Periods of heavy rain, gusty winds, and minor coastal flooding are expected across the state on Wednesday.

Satellite image of Hurricane Patricia. (NASA/NOAA)

Just six days ago, Hurricane Patricia had exploded off the Pacific coast of Mexico, becoming the strongest hurricane ever recorded in the Western Hemisphere. Since then, the storm has been steadily tracking toward the northeast... And now it's New Jersey's turn to a get a taste of some rain and wind.

As I mentioned in yesterday's weather blog, this impending storm system is only the remnant moisture and energy from Patricia. It is not even close to having the strength or structure of a hurricane or tropical storm. However, this system is tapped into to tropical moisture from the Gulf of Mexico, and we are still forecasting some pretty big rain totals and potentially significant wind gusts.

Here is the latest forecast for this potentially disgusting weather day...

The rain looks to persist for much of Wednesday - both during the daytime hours, and through tonight as well. While there may be a few scattered breaks in the rainfall action along the way today, it certainly looks like an "umbrella all-day" kind of situation. Don't be surprised to hear a few rumbles of thunder, as a few embedded thunderstorms are possible. While severe weather is possible, it is unlikely.

Pockets of heavy rain are likely, especially this afternoon and this evening... While forecast models differ on the exact timing and location of these heavy rain bands, someone is New Jersey will likely see over an inch of rain fall in a short period of time. These downpours will be the most significant impact of today's wet weather, as reduced visibility and flooding could make travel difficult and downright dangerous. Flooding issues will be exacerbated by fallen leaves and other autumn debris clogging storm drains.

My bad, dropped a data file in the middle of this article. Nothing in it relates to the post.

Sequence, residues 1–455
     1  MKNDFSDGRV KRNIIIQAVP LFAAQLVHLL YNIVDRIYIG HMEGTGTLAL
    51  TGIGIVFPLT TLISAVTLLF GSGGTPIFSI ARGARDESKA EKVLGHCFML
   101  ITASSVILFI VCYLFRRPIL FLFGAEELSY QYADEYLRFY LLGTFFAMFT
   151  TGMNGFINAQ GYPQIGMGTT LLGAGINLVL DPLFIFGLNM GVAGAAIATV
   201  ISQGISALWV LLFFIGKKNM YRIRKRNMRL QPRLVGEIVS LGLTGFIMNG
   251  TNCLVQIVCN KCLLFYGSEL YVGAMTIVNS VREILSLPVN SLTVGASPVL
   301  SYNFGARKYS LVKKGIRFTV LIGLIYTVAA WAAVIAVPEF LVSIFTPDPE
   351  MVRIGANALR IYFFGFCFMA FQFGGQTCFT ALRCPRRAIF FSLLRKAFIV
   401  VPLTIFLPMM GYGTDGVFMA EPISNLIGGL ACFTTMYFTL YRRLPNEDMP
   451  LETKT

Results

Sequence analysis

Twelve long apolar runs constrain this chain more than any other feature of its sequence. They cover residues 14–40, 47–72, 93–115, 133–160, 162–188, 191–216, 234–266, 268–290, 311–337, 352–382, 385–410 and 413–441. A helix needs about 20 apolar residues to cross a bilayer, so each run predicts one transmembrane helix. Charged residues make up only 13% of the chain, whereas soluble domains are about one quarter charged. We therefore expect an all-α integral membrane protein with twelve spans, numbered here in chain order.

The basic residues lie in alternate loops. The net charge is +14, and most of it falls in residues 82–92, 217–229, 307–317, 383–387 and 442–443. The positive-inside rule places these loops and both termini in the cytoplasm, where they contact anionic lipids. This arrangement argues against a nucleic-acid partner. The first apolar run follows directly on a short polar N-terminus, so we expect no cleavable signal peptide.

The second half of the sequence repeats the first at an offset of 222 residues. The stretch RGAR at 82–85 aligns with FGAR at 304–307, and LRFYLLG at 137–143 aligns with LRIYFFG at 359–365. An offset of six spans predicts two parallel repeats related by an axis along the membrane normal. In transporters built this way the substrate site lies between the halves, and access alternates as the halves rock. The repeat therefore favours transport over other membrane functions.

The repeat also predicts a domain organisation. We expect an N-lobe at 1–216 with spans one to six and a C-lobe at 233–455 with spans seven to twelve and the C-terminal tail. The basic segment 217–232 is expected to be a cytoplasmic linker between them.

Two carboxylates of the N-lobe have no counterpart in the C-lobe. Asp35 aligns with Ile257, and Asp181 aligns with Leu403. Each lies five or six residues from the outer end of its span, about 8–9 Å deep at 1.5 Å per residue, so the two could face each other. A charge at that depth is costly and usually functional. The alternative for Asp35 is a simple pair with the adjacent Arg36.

72-hour rainfall forecast from the Middle Atlantic River Forecast Center, showing a bullseye of 2 to 3 inches of rain in North Jersey.

Rainfall totals are still expected to end up in the 1 to 3 inch range for New Jersey, with the highest totals expected in North Jersey (along and north of about I-78). The latest models have actually backed off the rainfall totals a little bit - so some places in southern and coastal New Jersey ultimately end up just shy of that 1" benchmark. My thinking is still that most of the Garden State will see an inch or two in the rain gauge by Thursday morning. That is solid healthy rainfall, that we desperately need, but not too extreme... unless it falls very hard during a short period of time, leading to flash flooding.

Wind gusts will make the day feel blustery, but the risk for truly damaging winds is marginal at best. Sustained wind speeds will hold around 20 or 25 mph through much of the day. Wind gusts could hit 35 or 40 mph today. Higher gusts will be possible within any strong or severe thunderstorms that really get going. If you have not secured your Halloween decorations properly, they may end up across town by later tonight.

Coastal flooding is possible during the times of high tide. The latest tidal guidance shows a water rise of about 1 foot - that's enough to raise alarm bells, but not nearly reason to panic. The "usual" low spots along the coast will likely flood during the next one or two high tide cycles. A Coastal Flood Advisory (NOT a more serious Warning, as of this writing) is in effect for the Atlantic coast and back bays, including along the Delaware Bay, Barnegat Bay, and Raritan Bay. Stay alert to road closures, and never attempt to walk, swim, or drive through flooded areas.


As the storm winds down Thursday morning, a cold front will deliver cooler air and potentially gusty winds late Thursday into Friday. Clear, dry weather will resume for Friday, Halloween, and the beginning of November. Your trick-or-treat forecast looks great... although temperatures look pretty chilly with highs in the mid 50s and lows in the 40s through the weekend.

Dan Zarrow is the Chief Meteorologist for Townsquare Media New Jersey. Follow him on Facebook or Twitter for the latest forecast and realtime weather updates.